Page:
When Rihanna announced her pregnancy in late January via a photo shoot with beau A$AP Rocky, she displayed her baby bump under a vintage Chanel silk coat and an ornate jewel-studded cross—an outfit rife with meaning if you’re looking for it. But even more intriguing was her choice of watch. She didn’t wear one of the Rolex Day-Dates in her collection, or her rose gold Patek Philippe Nautilus. No, instead she wore a relatively unknown creation from deep in the Crown’s archives: a vintage Rolex King Midas.
Launched in 1962, the King Midas embodied the retro-futuristic design spirit of its times: It was a brutalist masterpiece, an articulated manacle of 18-karat gold that looked like it could be a prop for the dystopian sci-fi epic Rollerball. Sadly for the King Midas, Rolex introduced the Cosmograph Daytona one year later, which would prove to be one of the brand’s most important and iconic models. Today, the Daytona just about defines the watch market. Along with many other steel sport watches, the Daytona has become so popular among a new generation of well-heeled collectors that they are now nearly impossible to buy at retail, and are stratospherically expensive on the secondary market. There’s not much oxygen left for weirder watches like the King Midas, the original reference of which Rolex discontinued in the ’70s. But for people who wish to get deep into the pleasures of watchmaking and who (much like Rihanna) are keen connoisseurs of uniquely stylish objects, the King Midas represents the coolest thing in collecting right now: a deep-cut masterpiece from Swiss watchmaking’s wildest design era.
One can perhaps appreciate why the King Midas didn’t exactly catch fire with the masses. At the time of its release, the Midas was the most expensive model produced by Rolex and the heaviest production gold watch in the world. But boy, does it have character: The design was inspired by the architecture of the ancient world, and the funky box it came in resembles a cinerary urn. In a rarity for Rolex, the initial run of 1,000 models were numbered. Still, despite a relatively small production life cycle, today the many iterations of the King Midas can be found for between $5,000 and $25,000.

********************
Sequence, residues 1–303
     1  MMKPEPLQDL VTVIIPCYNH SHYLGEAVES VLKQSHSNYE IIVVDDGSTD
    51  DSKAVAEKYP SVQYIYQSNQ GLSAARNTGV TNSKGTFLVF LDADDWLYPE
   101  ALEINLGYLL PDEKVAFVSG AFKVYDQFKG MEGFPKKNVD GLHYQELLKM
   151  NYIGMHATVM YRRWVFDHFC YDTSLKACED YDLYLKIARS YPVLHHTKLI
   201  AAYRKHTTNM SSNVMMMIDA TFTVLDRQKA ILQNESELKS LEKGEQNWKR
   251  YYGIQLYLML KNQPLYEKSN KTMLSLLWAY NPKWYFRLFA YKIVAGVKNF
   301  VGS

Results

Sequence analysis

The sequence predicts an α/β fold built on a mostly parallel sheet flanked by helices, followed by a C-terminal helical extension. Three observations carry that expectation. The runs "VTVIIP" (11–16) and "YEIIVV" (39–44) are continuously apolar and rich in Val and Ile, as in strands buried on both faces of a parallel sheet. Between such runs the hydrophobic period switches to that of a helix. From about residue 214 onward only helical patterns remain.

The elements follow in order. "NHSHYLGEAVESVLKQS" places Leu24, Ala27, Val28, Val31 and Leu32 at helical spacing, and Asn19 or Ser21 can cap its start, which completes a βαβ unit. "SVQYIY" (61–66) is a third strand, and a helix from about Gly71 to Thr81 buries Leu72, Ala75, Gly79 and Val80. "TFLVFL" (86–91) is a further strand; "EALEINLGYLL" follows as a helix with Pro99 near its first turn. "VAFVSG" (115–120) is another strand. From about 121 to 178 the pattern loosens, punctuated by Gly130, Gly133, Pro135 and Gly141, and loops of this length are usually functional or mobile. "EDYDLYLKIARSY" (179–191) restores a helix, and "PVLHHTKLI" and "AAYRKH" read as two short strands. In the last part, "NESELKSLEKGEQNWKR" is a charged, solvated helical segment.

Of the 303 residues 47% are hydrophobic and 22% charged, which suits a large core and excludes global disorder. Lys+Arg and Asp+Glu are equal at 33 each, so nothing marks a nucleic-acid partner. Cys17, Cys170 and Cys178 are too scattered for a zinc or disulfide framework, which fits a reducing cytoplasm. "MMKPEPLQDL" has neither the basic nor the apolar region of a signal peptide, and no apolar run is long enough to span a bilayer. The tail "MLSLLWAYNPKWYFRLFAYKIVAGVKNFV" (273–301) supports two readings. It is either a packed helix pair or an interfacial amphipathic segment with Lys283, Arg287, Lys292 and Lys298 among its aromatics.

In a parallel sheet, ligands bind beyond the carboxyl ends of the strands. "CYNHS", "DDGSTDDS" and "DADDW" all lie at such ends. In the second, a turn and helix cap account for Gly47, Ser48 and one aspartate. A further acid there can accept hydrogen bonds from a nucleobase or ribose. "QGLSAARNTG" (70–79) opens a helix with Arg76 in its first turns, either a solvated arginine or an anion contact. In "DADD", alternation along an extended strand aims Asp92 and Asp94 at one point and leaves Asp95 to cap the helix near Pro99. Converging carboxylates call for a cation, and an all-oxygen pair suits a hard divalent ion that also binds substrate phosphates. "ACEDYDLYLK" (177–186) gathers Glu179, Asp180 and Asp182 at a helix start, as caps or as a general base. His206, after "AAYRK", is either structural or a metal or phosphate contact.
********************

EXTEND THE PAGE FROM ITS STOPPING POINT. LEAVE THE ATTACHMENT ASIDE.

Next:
If the Midas is a bit rollerball, then the Omega Flightmaster is pure Star Wars. Introduced in 1969, the same year Omega’s Speedmaster famously flew to the moon, the Flightmaster was designed for pilots. Hence its massive dial, which, for legibility purposes, stretches across a Swedish steel case the size of a hen’s egg. Mechanically, it is a tour de force of multi-time-zone chronography, with seven hands (one shaped like a jet plane), three subdials, three crowns, two pushers, and an inner rotating bezel. It looks like it could have been ripped out of the instrument panel of the Concorde, for which Omega supplied clocks. Even though production was discontinued in the late ’70s, it is thought that a total of around 37,500 pieces were made across four series. Models can now be found for about $5,000—collect them all!
The Patek Philippe Golden Ellipse family offers even more depth for someone looking for a rare, interesting, and relatively affordable find. Launched in 1968, the Golden Ellipse, inspired by the divine proportion utilized in Renaissance art and architecture, is neither an oval nor a rectangle. Upon release, it was hailed for its unorthodox shape and gorgeous blue-gold dial, a rarity at the time. Though it would later be overshadowed by its cousin the Nautilus, the Ellipse became, essentially, a brand within a brand, spawning spin-off ranges of key rings, cuff links, money clips, cigarette lighters, and even zodiacal pendants. By the late ’70s there were 65 different models of the watch alone, meaning there is more than a sufficient variety for the aficionado who wants to assemble a meaningful and satisfying collection across one iconic and unorthodox design. In other words: There’s a Golden Ellipse for almost any budget.
This rich vein of underappreciated watchmaking might soon be mined. After Rihanna’s announcement, online interest in the King Midas spiked. But even if you’re too late to claim one of these cult-y timepieces, don’t worry—there are plenty more out-there designs just waiting to be rediscovered.
A version of this story originally appeared in the April 2022 issue with the title “The Funky, Forgotten Swiss Watches of the ’60s.”